Experts warn against non-coronavirus vaccine disruptions

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AMMAN — Once-eradicated diseases may appear again because of the delay or absence of routine vaccinations during the COVID-19 pandemic and school closures, according to health experts, while a health official said adequate attention is being paid to the issue. اضافة اعلان

“You can give students a laptop or a tablet during online learning, but you can’t replace a vaccine,” said Eresso Aga, chief of UNICEF Jordan’s health section.

Typically, Jordan has a strong vaccination program that offers free inoculations at over 600 locations across the country. The 2017–2018 Jordan Demographic Health Survey (DHS) found that 86 percent of the population have received basic immunizations, higher than the WHO global average of 85 percent. According to Assistant Secretary-General for Primary Health Care at the Ministry of Health Ghazi Sharkas, there are two types of vaccines for children: the first, before children start school, is given through health centers; the second is given at schools to children in first grade and tenth grade.

“These vaccines are important because if they are delayed or missed we could see the resurfacing of some diseases that were eradicated,” Sharkas told Jordan News.

Likewise, Aga recalled that in Europe and the United States, lapses in vaccination have led to the outbreak of once-eradicated diseases. In 2019, New York City and Washington declared a state of emergency due to measles outbreaks; measles had been declared eradicated in 2000 by the World Health Organization.

“It’s very easy to have those outbreaks” when vaccination rates drop, Aga said.

“These are serious dangers that can jeopardize this fantastic gain that Jordan has (made) for 20 years. We’ve seen it in many countries.” When the rate of vaccine coverage in a population drops below that required to achieve herd immunity, he explained, outbreaks occur.

A socioeconomic assessment of children and youth during COVID-19 published by UNICEF in 2020 found that the pandemic had significantly disrupted children’s usual vaccination routines. UNICEF reported that in 17 percent of the households surveyed (which were drawn from UNICEF’s beneficiaries), children under five did not receive basic vaccinations (the BCG tuberculosis vaccine, three doses of DPT-IPV-Hib, and one dose of measles).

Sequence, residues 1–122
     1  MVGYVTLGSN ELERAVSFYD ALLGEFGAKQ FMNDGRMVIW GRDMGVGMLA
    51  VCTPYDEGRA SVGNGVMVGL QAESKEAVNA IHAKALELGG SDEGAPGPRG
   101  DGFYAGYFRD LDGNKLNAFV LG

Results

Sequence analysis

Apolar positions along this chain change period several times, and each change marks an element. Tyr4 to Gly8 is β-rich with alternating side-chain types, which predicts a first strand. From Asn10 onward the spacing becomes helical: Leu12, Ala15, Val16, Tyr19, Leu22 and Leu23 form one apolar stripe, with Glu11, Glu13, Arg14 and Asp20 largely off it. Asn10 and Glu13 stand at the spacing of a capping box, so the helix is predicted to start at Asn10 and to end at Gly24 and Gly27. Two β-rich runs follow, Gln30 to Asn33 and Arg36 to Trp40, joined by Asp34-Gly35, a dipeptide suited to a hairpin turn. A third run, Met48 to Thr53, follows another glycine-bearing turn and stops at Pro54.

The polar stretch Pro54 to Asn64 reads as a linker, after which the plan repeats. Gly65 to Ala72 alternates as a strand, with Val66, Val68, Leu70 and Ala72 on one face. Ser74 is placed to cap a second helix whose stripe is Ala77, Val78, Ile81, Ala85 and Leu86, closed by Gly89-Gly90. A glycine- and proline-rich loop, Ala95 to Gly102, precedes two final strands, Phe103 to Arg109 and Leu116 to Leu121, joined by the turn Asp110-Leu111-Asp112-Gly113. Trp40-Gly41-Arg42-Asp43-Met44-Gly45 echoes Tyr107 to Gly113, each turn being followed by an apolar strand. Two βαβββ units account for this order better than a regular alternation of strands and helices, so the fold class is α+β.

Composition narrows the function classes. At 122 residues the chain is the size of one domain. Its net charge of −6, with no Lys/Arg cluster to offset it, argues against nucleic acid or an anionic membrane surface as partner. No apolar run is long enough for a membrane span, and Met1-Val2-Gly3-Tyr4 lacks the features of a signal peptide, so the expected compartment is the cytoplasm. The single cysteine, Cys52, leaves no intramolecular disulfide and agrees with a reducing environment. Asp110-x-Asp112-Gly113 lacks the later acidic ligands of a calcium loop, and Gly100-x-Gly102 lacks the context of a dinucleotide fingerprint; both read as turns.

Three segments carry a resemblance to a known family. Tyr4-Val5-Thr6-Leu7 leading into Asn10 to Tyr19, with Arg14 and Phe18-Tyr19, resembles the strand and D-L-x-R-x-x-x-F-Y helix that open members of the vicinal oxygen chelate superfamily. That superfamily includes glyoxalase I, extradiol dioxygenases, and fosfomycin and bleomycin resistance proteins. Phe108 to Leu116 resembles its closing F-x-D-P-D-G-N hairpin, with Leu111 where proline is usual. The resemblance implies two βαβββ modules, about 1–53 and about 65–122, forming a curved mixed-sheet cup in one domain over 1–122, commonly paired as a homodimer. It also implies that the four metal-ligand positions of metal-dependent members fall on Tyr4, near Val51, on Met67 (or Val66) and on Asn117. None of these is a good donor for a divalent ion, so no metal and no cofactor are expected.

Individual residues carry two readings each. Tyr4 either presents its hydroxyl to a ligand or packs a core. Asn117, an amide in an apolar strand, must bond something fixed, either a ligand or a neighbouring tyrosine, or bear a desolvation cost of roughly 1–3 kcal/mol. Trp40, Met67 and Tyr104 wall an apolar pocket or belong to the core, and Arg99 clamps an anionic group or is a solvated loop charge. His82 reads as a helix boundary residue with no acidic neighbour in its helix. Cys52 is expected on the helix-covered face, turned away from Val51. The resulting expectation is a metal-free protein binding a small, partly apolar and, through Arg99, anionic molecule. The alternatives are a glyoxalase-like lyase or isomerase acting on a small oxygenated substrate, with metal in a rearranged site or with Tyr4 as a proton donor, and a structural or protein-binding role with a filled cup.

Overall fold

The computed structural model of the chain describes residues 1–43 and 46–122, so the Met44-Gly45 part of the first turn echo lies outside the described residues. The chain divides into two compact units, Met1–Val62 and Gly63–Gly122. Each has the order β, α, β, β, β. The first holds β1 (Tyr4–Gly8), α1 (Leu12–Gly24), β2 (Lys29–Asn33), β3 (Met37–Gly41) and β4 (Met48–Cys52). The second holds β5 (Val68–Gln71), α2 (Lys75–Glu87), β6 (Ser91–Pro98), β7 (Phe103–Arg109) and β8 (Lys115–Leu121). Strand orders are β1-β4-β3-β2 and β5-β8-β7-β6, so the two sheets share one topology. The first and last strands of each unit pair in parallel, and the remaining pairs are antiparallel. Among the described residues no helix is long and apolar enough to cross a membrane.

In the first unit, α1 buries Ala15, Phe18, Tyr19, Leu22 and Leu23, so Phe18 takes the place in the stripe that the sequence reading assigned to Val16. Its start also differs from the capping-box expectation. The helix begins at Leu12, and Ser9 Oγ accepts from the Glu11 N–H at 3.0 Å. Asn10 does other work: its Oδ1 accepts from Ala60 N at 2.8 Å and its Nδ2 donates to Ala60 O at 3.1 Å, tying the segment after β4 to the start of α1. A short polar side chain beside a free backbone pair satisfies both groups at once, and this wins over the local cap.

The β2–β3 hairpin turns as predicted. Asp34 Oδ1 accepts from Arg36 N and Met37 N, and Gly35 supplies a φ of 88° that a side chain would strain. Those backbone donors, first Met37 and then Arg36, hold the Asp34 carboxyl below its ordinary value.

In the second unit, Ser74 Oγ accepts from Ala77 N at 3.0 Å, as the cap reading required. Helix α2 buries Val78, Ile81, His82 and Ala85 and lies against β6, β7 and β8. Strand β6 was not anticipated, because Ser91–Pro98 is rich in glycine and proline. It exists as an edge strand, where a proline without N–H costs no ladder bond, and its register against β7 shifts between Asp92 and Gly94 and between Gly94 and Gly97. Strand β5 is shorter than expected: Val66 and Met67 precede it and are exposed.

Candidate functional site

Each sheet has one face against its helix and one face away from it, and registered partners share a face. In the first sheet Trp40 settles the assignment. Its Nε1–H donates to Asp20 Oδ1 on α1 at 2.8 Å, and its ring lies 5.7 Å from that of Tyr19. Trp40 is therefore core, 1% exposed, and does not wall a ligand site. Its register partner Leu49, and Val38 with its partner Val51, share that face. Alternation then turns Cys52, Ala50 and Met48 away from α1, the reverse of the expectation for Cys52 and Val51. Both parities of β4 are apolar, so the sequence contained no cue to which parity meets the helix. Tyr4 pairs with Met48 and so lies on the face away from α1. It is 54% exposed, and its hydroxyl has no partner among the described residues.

Jordanian doctor Mohammad Al Thunibat, who now lives in Canada, took to Twitter to alert parents about the serious medical problems that their children will face in the future if they do not follow up on their children’s vaccinations. Thunibat explained in his tweet that if vaccines are ignored due to the closure of schools that typically arrange them for children, “it would be disastrous, and we will be seeing casualties of diseases that have not been seen in decades.”

“During the pandemic and school closures, there was a slight delay in administering vaccines to school children but we managed to catch up when schools reopened, by coordinating with (the Ministry of Education) and school administrations, who in turn informed the parents to bring their children in to get their vaccines,” Sharkas said. He added that while schools have been closed due to the pandemic, school administrators continue to reach out to parents, who then dispatch teams from the Ministry of Health to administer vaccines to children.

Aga attributed the decline in vaccinations during the pandemic to a combination of movement restrictions, including the initial lockdown, during which no vaccinations were given for six weeks, and anxiety about visiting clinics even when they are open. He said that residents of refugee camps, in particular, are scared to contract COVID-19 while visiting clinics to receive vaccinations for other diseases.

However, according to Aga, vaccinations were on the decline in Jordan even before the pandemic, which he linked to the spread of misinformation on social media.

UNICEF provides a variety of support mechanisms for vaccinations in Jordan, including a remote immunization campaign that targets residents of tented settlements, collaborations with the agency’s Makani centers, and support with procurement, such as through the recent donation of 1.3 million syringes for routine immunization.

Aga said that schools are a “key entry point” to administer vaccines for life-threatening diseases such as polio, rotavirus, Diptheria, and tuberculosis. “School is an entry point; we do awareness work, do catch-up immunization — for example for Hepatitis B, but schools are closed right now.” He added that a combination of vaccine hesitancy — i.e. fear to take vaccines — and inequity may drive decreased vaccination rates.

Aga urged all Jordanians to maintain regular vaccination schedules, explaining that millions of dollars have been invested to provide personal protective equipment to healthcare workers, making healthcare clinics very safe. We advise parents to wear their masks and respect the safety rules” at vaccination clinics, Aga said. “The benefits of vaccination are still immense and it saves lives. We advise them to please follow the vaccination schedule. It is safe to take your children to clinics.”

Jordan News sought to obtain comments from the Ministry of Education but they were not available.

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